5

As in the title, I have std::vector<cv::Mat> matrices which I want to write/read to/from binary file.

Now, following this answer, all I should do is for writing is:

 ofstream fout("matrices.bin", ios::out | ios::binary);
 size_t size = matrices.size();
 fout.write((char*)&size, sizeof(size));
 fout.write((char*)&matrices[0], v.size() * sizeof(cv::Mat));
 fout.close();

However, following this answer, writing cv::Mat objects seems a little bit tricky, and in the answer matRead and matWrite do the job. So I wonder if instead of the code above I should do something like:

ofstream fout("matrices.bin", ios::out | ios::binary);
size_t size = matrices.size();
fout.write((char*)&size, sizeof(size));
for(size_t i = 0 ; i < matrices.size() ; i++)
  matWrite("matrices.bin", matrices[i]);

However this code doesn't work since matWrite() overwrites matrices.bin at each cycle, so I should append the size of matrices[i] as offset before writing the matrix itself.

What should I do?

UPDATE:

I came up with this solution, rewriting matWrite and matRead with optional arguments for appending matrices during writing and starting to read from a certain point:

void matwrite(const std::string& filename, const cv::Mat& mat, const bool append = false) {

    std::ofstream fs;
    if(append)
        fs.open(filename.c_str(), std::fstream::binary | std::fstream::app);
    else
        fs.open(filename.c_str(), std::fstream::binary);

//the rest of matwrite is the same...

}

cv::Mat matRead(const std::string& filename, size_t &offset = 0)
{
    std::ifstream fs(filename, std::fstream::binary);
    fs.seekg(offset);
    ...
    offset += 4 * sizeof(int) + CV_ELEM_SIZE(type) * rows * cols; //update offset //move offset of 4 ints and mat size
    return mat;
}

And functions are called with:

//writing:
for(size_t i = 0 ; i<v.size() ; i++)
  writemat(filename, v[i], true);
//reading:
size_t offset = 0;
for(size_t i = 0 ; i<size ; i++){ // size = v.size() during writing
  cv::Mat mat = matRead(filename, offset);
  v.push_back(mat);
}
6
  • I'm really curious to know why someone gave me a downvote for this questio Dec 17, 2016 at 18:55
  • A note on the duplicate. You can iterate trough each matrix in your vector, and use "matappend".
    – Miki
    Dec 17, 2016 at 19:07
  • If the duplicate doesn't help, let me know. However, now you should be able to write a correct function yourself
    – Miki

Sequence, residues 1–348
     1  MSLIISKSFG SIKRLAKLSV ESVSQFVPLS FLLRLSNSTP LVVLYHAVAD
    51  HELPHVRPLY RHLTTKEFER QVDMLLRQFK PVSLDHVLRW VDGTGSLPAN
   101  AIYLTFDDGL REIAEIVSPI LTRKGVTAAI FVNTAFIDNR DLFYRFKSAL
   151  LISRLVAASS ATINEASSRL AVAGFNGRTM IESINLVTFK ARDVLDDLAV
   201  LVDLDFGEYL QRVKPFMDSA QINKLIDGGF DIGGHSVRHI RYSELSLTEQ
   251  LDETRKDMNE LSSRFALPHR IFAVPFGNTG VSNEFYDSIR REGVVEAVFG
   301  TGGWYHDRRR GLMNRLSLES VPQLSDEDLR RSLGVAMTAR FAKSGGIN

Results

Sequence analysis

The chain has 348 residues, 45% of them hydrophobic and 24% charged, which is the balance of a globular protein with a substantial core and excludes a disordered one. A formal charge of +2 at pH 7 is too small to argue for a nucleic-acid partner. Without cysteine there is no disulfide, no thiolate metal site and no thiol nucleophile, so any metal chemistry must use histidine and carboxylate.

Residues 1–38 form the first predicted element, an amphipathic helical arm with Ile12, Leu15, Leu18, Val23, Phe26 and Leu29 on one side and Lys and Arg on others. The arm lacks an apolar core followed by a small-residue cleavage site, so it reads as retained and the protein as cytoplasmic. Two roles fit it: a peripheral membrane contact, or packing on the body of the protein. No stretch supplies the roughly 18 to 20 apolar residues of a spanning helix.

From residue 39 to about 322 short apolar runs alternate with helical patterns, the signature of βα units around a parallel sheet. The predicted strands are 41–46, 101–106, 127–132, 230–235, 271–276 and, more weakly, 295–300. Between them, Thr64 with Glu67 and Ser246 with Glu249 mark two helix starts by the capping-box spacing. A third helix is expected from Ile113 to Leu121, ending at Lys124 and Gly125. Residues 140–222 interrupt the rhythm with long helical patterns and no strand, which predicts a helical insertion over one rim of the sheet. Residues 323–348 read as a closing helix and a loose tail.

Dec 17, 2016 at 19:08
  • I'm sorry, but it doesn't help. With matAppend we write one big matrix, which is the concatenation of all the matrices in the vector. However, it's impossible to reconstruct the original vector starting from the obtained .bin file. In few words, we can write std::vector<cv::Mat> to file as a big cv::Mat but we cannot obtain the std::vector<cv::Mat> again. Dec 18, 2016 at 11:37
  • 1
    Tomorrow...... ;)
    – Miki
    Dec 18, 2016 at 12:26

2 Answers 2

2

You can adapt the code of matread and matwrite to be used with vectors if Mat, instead of single Mat. The functions vecmatread and vecmatwrite below allow to write a std::vector<cv::Mat> to a file, and read the vector back:

#include <opencv2\opencv.hpp>
#include <vector>
#include <iostream>
#include <fstream>

using namespace std;
using namespace cv;

void vecmatwrite(const string& filename, const vector<Mat>& matrices)
{
    ofstream fs(filename, fstream::binary);

    for (size_t i = 0; i < matrices.size(); ++i)
    {
        const Mat& mat = matrices[i];

        // Header
        int type = mat.type();
        int channels = mat.channels();
        fs.write((char*)&mat.rows, sizeof(int));    // rows
        fs.write((char*)&mat.cols, sizeof(int));    // cols
        fs.write((char*)&type, sizeof(int));        // type
        fs.write((char*)&channels, sizeof(int));    // channels

        // Data
        if (mat.isContinuous())
        {
            fs.write(mat.ptr<char>(0), (mat.dataend - mat.datastart));
        }
        else
        {
            int rowsz = CV_ELEM_SIZE(type) * mat.cols;
            for (int r = 0; r < mat.rows; ++r)
            {
                fs.write(mat.ptr<char>(r), rowsz);
            }
        }
    }
}

vector<Mat> vecmatread(const string& filename)
{
    vector<Mat> matrices;
    ifstream fs(filename, fstream::binary);

    // Get length of file
    fs.seekg(0, fs.end);
    int length = fs.tellg();
    fs.seekg(0, fs.beg);

    while (fs.tellg() < length)
    {
        // Header
        int rows, cols, type, channels;
        fs.read((char*)&rows, sizeof(int));         // rows
        fs.read((char*)&cols, sizeof(int));         // cols
        fs.read((char*)&type, sizeof(int));         // type
        fs.read((char*)&channels, sizeof(int));     // channels

        // Data
        Mat mat(rows, cols, type);
        fs.read((char*)mat.data, CV_ELEM_SIZE(type) * rows * cols);

        matrices.push_back(mat);
    }
    return matrices;
}


int main()
{
    vector<Mat> matrices;

    // Fill vector...
    Mat1f m1(3,3);
    randu(m1, 0, 1);

    Mat3b m2(4, 5);
    randu(m2, Scalar(0,0,0), Scalar(256,256,256));

    Mat2d m3(2, 3);
    randu(m3, Scalar(0, 0), Scalar(1, 1));

    matrices.push_back(m1);
    matrices.push_back(m2);
    matrices.push_back(m3);

    // Write the vector to file
    vecmatwrite("test.bin", matrices);

    // Read the vector from file
    vector<Mat> matrices2 = vecmatread("test.bin");

    return 0;
}
0

I use this:

string   name_1c;
ofstream outFile_1st;
name_1c = "m_scripts/labeled_1.bin";
outFile_1st.open(name_1c, std::ios::binary);

Mat data = Mat::zeros(100, 1024, CV_32FC);
vector<Mat> labeled_1(6);
// initialization of vector
for(int i = 0; i < 6; i ++)
    labeled_1.push_back(randn(data, Scalar(128), Scalar(10)));


for (int i = 0; i < labeled_1.size(); i ++)
{
 outFile_1st.write(reinterpret_cast<char*>(&labeled_1[i]), sizeof(float) * 100 * 1024);
}
outFile_1st.close();

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